It Couldn’t Be Helped Part 3

Mother is sensitive about her height.  For some reason, people feel free asking her how tall she is.  She dodges the issue by returning with a question,  either, “How much do you weigh?”  or “How much money do you have?”  By the way, she is not tall.  Most of her grandchildren pass her up by the time they are ten or eleven.  I was with her on a recent visit to her doctor when the nurse asked her height.

Mother feloniously claimed five foot two inches.  Realizing she was getting nowhere, the nurse took her to measure.  She was busted.

Compounding the issue of her slight build, is her squeaky voice.  She sounds just like Minnie Mouse.  The minute a caller hears her voice, they say, “Oh, hello Mrs. Swain.”  She’d never be able to make crank calls.

Mother was at loose ends one Sunday in June after church so decided to visit The American Rose Center.  As it was already hot that day, she donned her comfortable clothes:  cut off blue jean shorts, (neatly hemmed, starched, and ironed since “her mama raised her right!”) pink gingham shirt, tennis shoes and pink socks that perfectly matched her shirt.  She topped her ensemble off with a big straw sun hat.  She knew she looked cute!

She strolled around for an hour or so, admiring the lovely roses, when she noticed a gathering at a small rustic building.  Thinking there was a “program” of some sort, she decided to check it and cool off for a bit.  Based on the attendance, the program promised to be a good one.  The music was beautiful.  She had to go all the way to the front row to get a seat.  It was a hot day, but she was surprised to see so many hats.  Somehow, she failed to notice the wedding party standing before the altar.

Just about the time she got settled, the organist started playing the “Wedding March.”  It dawned on her that she had crashed a wedding as the usher escorted the groom’s mother to her seat.   Panicked to realize she occupied the seat intended for the bride’s mother, she fled back down the aisle to the giggling of the wedding guests where she was forced to make her way around the mother of the bride on the arm of the usher.  I can only imagine the confusion of the bride as Mother excused herself on the way out.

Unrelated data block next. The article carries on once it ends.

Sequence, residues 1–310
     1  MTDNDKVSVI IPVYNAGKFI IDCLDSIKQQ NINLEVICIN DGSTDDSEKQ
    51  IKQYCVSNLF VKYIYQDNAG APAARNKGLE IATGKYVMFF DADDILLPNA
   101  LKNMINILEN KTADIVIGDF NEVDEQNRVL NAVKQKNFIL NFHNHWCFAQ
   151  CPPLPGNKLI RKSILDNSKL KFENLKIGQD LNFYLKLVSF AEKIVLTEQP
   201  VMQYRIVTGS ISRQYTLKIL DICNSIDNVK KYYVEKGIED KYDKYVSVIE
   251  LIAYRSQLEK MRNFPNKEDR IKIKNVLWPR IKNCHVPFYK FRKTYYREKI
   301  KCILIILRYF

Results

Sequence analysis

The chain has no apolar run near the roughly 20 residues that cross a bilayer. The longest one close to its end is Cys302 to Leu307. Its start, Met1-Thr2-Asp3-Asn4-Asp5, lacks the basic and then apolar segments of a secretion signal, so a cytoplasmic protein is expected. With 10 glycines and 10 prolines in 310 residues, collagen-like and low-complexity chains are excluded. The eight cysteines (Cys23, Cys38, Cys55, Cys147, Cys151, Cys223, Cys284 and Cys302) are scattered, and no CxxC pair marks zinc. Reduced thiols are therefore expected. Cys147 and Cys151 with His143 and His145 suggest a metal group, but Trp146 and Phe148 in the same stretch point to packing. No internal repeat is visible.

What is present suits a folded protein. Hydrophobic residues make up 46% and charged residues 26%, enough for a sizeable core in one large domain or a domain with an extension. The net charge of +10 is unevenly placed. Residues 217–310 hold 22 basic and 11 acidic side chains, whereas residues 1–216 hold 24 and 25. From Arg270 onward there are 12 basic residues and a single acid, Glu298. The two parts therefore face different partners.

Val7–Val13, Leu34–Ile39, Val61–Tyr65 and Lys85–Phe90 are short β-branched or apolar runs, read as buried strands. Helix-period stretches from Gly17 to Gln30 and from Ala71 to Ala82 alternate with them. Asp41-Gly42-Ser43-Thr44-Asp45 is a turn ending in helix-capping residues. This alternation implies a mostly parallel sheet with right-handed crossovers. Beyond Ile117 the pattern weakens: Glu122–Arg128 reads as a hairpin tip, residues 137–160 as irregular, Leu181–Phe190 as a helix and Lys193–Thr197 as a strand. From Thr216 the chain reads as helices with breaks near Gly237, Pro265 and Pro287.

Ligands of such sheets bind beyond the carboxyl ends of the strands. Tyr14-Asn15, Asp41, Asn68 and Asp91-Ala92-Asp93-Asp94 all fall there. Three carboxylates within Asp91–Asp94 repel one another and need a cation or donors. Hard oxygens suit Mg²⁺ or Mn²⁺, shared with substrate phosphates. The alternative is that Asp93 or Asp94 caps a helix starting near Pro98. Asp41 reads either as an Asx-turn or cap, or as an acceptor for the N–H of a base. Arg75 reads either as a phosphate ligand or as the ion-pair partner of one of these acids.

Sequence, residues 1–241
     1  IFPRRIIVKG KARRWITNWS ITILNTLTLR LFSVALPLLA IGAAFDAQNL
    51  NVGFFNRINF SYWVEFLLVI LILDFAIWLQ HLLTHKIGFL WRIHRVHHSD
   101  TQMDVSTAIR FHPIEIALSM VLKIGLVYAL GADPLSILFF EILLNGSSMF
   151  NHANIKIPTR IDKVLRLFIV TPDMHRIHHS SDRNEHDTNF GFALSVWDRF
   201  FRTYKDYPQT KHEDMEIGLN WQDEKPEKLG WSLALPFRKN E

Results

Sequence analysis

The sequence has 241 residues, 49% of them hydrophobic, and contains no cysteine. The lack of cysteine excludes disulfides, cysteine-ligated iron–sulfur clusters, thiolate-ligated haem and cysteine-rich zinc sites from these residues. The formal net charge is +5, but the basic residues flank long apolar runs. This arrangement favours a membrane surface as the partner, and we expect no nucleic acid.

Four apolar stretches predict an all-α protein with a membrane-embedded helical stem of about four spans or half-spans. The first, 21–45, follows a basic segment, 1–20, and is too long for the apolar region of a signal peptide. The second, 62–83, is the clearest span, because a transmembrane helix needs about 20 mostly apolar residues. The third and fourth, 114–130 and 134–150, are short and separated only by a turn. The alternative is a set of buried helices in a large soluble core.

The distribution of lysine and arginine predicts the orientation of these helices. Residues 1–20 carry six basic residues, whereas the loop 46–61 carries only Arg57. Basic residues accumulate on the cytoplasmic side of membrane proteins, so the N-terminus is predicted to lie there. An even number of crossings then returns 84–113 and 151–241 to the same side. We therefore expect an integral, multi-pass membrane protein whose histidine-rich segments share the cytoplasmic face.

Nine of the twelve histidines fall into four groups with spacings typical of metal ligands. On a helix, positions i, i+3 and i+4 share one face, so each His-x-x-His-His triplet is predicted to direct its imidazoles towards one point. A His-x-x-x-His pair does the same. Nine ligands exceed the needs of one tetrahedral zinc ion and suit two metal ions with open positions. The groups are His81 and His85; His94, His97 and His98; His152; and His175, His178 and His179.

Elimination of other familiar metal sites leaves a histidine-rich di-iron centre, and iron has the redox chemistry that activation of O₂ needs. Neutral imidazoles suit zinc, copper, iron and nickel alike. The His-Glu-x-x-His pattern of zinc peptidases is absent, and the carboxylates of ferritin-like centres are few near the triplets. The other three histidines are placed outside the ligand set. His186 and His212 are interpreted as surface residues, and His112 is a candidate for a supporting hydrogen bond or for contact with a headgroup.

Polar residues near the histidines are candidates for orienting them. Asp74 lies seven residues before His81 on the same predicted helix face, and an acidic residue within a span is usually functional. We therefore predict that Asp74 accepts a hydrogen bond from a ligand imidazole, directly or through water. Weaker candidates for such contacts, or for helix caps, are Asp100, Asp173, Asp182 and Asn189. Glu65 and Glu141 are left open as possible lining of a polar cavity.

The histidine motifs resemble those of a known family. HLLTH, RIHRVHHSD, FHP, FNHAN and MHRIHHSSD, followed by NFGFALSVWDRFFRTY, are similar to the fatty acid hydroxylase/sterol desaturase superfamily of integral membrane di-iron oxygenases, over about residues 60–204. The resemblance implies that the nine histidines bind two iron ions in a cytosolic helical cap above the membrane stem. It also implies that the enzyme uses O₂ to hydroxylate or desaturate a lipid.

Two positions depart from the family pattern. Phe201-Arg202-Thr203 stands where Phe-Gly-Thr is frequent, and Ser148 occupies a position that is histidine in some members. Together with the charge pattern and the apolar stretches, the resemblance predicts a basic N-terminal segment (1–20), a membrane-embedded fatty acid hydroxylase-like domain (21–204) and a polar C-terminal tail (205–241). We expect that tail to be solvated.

That was the most unfriendly family she’d ever met.


Kathleen Holdaway and Bill Swain June 29, 1946 on the day of their marriage.


The Great Doll Funeral

Vintage baby doll

The same Christmas I got Rocky the Rocking Horse, the best Christmas present of my young life, and Monkey, my sidekick(until I left him outside for the dogs to chew up),  I got a big hard, plastic baby-doll with molded hair.  It came with a bottle, was dressed in pajamas and had exactly one diaper. That diaper was history once Mother demonstrated its amazing ability to pee its diaper. It made me mad when I saw the baby doll, anyhow, since I’d told Mother, “I don’t want a doll.  I hate dolls.”  The wet diaper was the last straw.  I pitched it into the bowels of the toy box to keep company with Tinker Toys, broken crayons, and last year’s despised doll.

Before Christmas this year when Mother asked what I wanted, my list included a live pony, cowboy boots, pistols and holsters and a real monkey in a cowboy suit.  My list did not include a doll.  Insanely, she had insisted, “But, every little girl has to get a doll.  Now what kind do you want?”

Remembering last year’s floppy baby doll, I tried to come up with something I could stomach.  I heard girls at school say they wanted a Bride Doll.  In my complete disinterest, I forgot exactly what kind of doll to ask for. “Uh, I GUESS a wedding doll would do.”  I didn’t want one,  but at least it wasn’t a stupid baby doll. When another baby doll showed up under the tree, I was disgusted, thinking I had confused Mother into thinking I wanted a “wetting doll, not a “wedding doll.”    Daddy handed me my final gigantic gift from under the tree.  Since I’d already gotten Rocky the Rocking Horse as a pony substitute and a stuffed monkey instead of real-live monkey in a cowboy suit, this was my last shot at pistols and a holster set.  I ripped into the package, and horror of horrors, discovered a tin tea-set with a Dutch Boy and Girl on a background of blue and yellow tulips.  Mother went into raptures over it.

“Oh, I always wanted a tea-set like this when I was a little girl.”  Well, if she’d had that tea-set and I had a feather up my butt, we’d have both been tickled to death.  Fortunately, I’d learned long ago to keep my mouth shut when I didn’t like presents.  Rocky and Monkey and I went on our way, making the best of that Christmas.  That tea-set, still in the box, went under my bed.

Months later, one of the neighbors died.  I didn’t get to go to the funeral, of course, but my cousin did.  It sounded pretty entertaining to me.  We decided to stage our own.  I scavenged through the toy box and found my Christmas doll and dug the tea-set out from under my bed.  Dumping the dishes, I lined the box with one of Mother’s better towels and we prepared the body for burial.  My cousin Sue and I conducted the services, complete with plenty of hymns and wailing.  My brother Billy and Cousin Troy attended, but only because we promised to provide penny candy afterward.  It was a lovely service, the burial site mounded up with gorgeous roses we’d rounded up from the bushes belonging to Mrs. Dick, the seventh-grade teacher who lived next to us.  Mother made us return the roses to Mrs. Dick and apologize, though I can’t imagine they’d have been much use to her since we’d snapped them all off right below the head.  There would have been enough of them to fill a tub for a romantic rose bath, though I seriously doubt the lady was in the mood judging from the expression on her face when we apologized.